The Washington Post

Now we know why Netanyahu wouldn’t apologize for the Gaza flotilla raid

President Obama and Israeli Prime Minister Benjamin Netanyahu talk in Jerusalem in March. (Uriel Sinai/Getty Images)

In May 2010, Israeli troops boarded a flotilla of ships that had set out from Turkey for the Gaza Strip, where participants  were hoping to break the Egyptian-Israeli blockade of the Palestinian enclave and deliver humanitarian aid. Eight Turkish citizens and a Turkish American were killed in the raid -- the single worst moment in the recent deterioration of the once close relationship between Israel and Turkey.

There was this oddity from the incident and its fallout: Israeli Prime Minister Benjamin Netanyahu refused to apologize for almost three years, until President Obama personally brokered a phone call between Netanyahu and Turkish Prime Minister Recep Tayyip Erdogan this March. It was never really clear why Netanyahu had refused, for so long, to make a simple phone call that would have eased his country's relationship with an important regional player.

Well, now we may finally have an answer. Washington Post columnist David Ignatius reports on a very surprising, and until now unknown, turn in the Israel-Turkey relationship:

The Turkish-Israeli relationship became so poisonous early last year that the Turkish government of Prime Minister Recep Tayyip Erdogan is said to have disclosed to Iranian intelligence the identities of up to 10 Iranians who had been meeting inside Turkey with their Mossad case officers.

Knowledgeable sources describe the Turkish action as a “significant” loss of intelligence and “an effort to slap the Israelis.” The incident, disclosed here for the first time, illustrates the bitter, multi-dimensional spy wars that lie behind the current negotiations between Iran and Western nations over a deal to limit the Iranian nuclear program. A Turkish Embassy spokesman had no comment.

Israeli anger at the deliberate compromise of its agents may help explain why Prime Minister Benjamin Netanyahu became so entrenched in his refusal to apologize to Erdogan about the May 2010 Gaza flotilla incident.

Suddenly, Netanyahu's stance makes a lot more sense. At the time, it seemed baffling, and was widely taken as proof of the Israeli leader's self-defeating stubbornness and a reminder of the headaches that Israel can cause in Washington. This disclosure casts the refusal to apologize in a very different light, making it much more understandable.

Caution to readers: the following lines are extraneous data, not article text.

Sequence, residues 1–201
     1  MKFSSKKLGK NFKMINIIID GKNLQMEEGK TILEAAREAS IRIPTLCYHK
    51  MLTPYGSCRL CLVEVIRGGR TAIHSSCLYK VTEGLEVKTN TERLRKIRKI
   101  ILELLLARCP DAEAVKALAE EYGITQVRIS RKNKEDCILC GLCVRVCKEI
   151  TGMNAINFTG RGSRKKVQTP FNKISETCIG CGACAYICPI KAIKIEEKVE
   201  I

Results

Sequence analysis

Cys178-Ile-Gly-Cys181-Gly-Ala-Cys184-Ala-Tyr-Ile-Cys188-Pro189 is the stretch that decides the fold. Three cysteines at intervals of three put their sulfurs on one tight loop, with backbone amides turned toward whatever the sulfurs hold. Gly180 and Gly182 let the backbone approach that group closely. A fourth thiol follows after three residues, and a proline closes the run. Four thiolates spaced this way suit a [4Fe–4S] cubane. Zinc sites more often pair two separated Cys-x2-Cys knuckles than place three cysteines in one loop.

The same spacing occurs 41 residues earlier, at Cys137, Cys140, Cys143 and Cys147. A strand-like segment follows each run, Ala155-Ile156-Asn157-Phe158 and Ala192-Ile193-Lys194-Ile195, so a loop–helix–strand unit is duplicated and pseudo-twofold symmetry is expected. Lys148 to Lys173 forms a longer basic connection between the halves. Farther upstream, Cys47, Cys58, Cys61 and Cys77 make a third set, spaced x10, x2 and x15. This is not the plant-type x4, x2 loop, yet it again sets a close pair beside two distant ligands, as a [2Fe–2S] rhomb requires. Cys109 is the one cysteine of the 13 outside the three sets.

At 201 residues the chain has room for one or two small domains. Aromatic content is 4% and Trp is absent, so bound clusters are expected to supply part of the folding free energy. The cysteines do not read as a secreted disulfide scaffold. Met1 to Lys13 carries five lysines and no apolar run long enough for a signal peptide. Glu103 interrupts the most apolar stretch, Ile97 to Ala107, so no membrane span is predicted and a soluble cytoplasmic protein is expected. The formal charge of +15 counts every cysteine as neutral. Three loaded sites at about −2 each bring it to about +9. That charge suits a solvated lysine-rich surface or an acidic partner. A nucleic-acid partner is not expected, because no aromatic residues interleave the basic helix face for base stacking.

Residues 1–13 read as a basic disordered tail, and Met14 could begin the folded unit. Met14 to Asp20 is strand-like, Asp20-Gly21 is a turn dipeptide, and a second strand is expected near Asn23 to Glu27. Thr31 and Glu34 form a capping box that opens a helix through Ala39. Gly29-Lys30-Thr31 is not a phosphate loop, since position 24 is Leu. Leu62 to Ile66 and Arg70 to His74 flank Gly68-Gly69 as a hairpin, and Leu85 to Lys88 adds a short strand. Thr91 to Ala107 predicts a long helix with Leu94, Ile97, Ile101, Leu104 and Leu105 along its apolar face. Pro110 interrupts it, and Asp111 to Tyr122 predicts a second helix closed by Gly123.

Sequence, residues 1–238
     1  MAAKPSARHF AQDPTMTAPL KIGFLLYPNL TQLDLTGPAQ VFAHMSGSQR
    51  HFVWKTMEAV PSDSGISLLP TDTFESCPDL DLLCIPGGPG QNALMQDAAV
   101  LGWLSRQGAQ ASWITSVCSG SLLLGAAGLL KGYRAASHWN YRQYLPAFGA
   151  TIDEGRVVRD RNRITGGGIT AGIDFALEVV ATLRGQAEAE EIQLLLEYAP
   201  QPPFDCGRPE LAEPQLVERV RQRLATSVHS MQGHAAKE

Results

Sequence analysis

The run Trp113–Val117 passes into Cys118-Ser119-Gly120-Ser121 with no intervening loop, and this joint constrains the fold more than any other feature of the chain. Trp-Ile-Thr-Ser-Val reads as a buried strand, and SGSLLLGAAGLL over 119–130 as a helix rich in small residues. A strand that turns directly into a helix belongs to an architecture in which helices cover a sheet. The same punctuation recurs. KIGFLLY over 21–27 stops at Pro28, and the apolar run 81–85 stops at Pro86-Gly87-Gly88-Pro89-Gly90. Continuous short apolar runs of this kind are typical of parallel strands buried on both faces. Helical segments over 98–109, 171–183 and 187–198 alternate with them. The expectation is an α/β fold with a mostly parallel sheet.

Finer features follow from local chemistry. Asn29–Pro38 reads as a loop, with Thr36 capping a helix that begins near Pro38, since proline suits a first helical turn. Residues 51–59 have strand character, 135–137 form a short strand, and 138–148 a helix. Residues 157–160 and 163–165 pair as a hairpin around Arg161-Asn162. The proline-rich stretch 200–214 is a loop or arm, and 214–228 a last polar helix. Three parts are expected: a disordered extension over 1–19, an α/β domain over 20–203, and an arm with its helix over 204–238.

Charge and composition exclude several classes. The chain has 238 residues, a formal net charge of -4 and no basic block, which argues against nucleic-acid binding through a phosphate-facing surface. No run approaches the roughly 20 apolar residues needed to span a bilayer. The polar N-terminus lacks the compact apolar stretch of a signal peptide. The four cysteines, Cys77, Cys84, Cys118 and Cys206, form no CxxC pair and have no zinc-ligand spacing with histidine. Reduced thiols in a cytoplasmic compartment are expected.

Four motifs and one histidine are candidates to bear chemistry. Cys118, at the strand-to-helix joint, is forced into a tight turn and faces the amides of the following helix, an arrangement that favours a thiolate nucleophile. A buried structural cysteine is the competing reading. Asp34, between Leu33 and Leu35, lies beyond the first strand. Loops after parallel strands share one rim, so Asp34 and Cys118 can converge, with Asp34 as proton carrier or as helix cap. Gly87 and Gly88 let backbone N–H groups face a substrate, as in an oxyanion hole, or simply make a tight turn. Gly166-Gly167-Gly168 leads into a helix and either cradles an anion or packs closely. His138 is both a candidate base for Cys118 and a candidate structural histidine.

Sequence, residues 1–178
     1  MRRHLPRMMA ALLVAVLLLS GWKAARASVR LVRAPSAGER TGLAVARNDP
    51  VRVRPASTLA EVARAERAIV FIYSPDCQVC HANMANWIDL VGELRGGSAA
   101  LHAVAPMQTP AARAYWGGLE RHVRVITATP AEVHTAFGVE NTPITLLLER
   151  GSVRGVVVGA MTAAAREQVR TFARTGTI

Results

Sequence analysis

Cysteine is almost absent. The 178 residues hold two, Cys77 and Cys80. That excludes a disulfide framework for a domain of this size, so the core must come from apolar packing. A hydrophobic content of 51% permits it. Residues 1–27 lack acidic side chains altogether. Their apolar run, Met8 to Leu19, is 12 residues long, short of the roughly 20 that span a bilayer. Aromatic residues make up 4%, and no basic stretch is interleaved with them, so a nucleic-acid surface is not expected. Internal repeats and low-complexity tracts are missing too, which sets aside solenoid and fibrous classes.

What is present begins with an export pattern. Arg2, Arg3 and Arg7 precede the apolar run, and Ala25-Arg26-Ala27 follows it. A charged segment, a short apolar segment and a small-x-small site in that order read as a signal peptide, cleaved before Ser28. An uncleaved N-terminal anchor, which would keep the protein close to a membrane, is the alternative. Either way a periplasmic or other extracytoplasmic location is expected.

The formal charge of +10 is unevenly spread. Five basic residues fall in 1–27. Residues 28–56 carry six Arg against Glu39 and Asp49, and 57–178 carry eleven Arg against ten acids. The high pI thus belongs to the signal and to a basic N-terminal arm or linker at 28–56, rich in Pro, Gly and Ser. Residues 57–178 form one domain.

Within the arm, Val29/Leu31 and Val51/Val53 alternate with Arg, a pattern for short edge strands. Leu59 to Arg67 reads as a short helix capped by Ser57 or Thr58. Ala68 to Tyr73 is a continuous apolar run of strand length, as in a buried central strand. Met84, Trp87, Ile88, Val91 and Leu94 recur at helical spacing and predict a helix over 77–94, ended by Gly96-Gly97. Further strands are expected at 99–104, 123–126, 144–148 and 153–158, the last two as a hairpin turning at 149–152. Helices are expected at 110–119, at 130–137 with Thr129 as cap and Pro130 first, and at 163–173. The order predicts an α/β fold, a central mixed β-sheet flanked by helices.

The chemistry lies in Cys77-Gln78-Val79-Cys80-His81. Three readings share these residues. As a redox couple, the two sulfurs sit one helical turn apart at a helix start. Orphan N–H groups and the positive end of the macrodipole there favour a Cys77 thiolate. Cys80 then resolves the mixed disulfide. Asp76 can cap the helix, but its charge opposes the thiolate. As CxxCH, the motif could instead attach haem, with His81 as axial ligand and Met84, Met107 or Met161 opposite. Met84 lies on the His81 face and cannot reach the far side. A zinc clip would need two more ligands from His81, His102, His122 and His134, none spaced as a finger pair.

This does not explain, of course, why Netanyahu wouldn't have apologized between the initial 2010 raid and this reported 2012 spy outing. But it gives us a hint of what the Israeli-Turkish relationship has been like behind the scenes -- not very good.

There's a larger lesson here: many developments in international relations happen in secret, with incidents like this that we never hear about. In following it as it happens, we're only seeing part of the picture. We're all working with incomplete information -- that includes heads of state as well as regular people and professional journalists and analysts -- and it can be easy to draw imperfect or outright false conclusions. Things aren't always quite what they seem.

For years, Netanyahu's failure to apologize looked rash, impudent, irresponsible -- a tantrum and a problem that the Americans had to solve for him. Now it looks significantly more rational. With time, and more revelations, it could look different again.

History is only clear, if it's ever clear, in hindsight. Without complete information, events can be difficult to understand as they're happening. So we usually fill in with personality: We say that Netanyahu got angry, or prideful. It turns out there was more to it.

Ironically, we've now got another mystery: Why did the Turkish government out these Israeli spies? We can speculate -- revenge for the flotilla raid; to secure leverage with Israel or with Iran; perhaps simply a crude reminder that Turkish support for Israel doesn't come free -- but we don't really know. That unknowability is just part of how international relations works.

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